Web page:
Birthstone: May

Hardness: 7.5-8

Emerald has been prized for thousands of years for its lush green hues and rare beauty. Throughout the ancient world, emerald symbolized eternal hope, rebirth and the arrival of spring - and some cultures believed the gem rewarded its owners with love, intelligence and eloquence as well.

In ancient Rome emeralds were believed to have a soothing effect on the soul. Modern scientists have since shown this myth to have some basis in fact: tests indicate that the human eye is more sensitive to green than any other color. Middle Age seers used emeralds to foretell the future, as well as to ward off evil spirits and cure ailments ranging from bad eyesight to infertility. The stone was also said to improve memory and bring great wealth to its wearer.

The finest emeralds have traditionally come from Colombia; both the Incas and Aztecs mined rich emerald deposits in the rugged Andes Mountains. But Russia's Ural Mountains also have produced top-quality gems. Brazil is by far the world's largest producer of emerald, with a wide range of quality. Other sources for the stone include Afghanistan, Australia, India, Pakistan, the United States, Zambia and Zimbabwe.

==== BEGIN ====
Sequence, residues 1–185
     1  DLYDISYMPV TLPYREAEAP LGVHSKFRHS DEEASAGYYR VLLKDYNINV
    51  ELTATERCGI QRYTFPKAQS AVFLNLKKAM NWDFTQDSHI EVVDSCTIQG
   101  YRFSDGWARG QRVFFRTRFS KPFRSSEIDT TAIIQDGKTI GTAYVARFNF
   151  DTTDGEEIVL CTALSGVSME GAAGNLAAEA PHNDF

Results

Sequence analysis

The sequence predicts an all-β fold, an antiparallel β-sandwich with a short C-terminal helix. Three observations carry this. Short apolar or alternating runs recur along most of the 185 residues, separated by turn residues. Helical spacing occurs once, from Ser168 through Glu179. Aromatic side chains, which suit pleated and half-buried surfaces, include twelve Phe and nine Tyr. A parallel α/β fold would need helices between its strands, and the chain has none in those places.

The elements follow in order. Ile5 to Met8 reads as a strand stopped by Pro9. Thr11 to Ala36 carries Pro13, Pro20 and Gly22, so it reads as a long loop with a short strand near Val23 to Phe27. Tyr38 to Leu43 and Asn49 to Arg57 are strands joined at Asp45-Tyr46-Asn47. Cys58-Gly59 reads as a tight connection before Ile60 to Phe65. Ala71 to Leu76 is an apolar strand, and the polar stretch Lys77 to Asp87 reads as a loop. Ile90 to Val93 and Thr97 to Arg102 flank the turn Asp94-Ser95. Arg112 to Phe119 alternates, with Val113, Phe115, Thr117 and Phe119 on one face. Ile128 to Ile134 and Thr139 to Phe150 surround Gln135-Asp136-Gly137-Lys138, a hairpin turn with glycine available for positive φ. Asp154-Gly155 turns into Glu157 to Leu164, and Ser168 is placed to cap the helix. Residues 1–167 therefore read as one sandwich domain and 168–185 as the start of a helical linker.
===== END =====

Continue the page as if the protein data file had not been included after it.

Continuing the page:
Emeralds come in a variety of light and dark shades of green - and often with subtle background hues of other colors like yellow, blue, brown or gray. Generally, the purer and richer the green, the more valuable the emerald. While its relatively hard, emerald can still be scratched, chipped or split fairly easily. Most emeralds have numerous flaws, or "inclusions", which weaken their structure. Flawless emeralds are exceptionally rare, and therefore command great prices (in some instances, higher than diamonds).

Like most gemstones in the market today, emeralds are usually treated in some way to remove surface flaws and enhance color. The most common (and acceptable) technique is to oil the stone with a green-tinted oil to fill in surface cracks. The oil hardens and strengthens the stone, and improves its green color as well. In caring for your emerald, avoid ultrasonic cleaners that can remove the oil, or harsh cleansers that can damage its relatively soft surface. Clean with a soft, damp cloth and warm water, and a soft bristle brush if needed.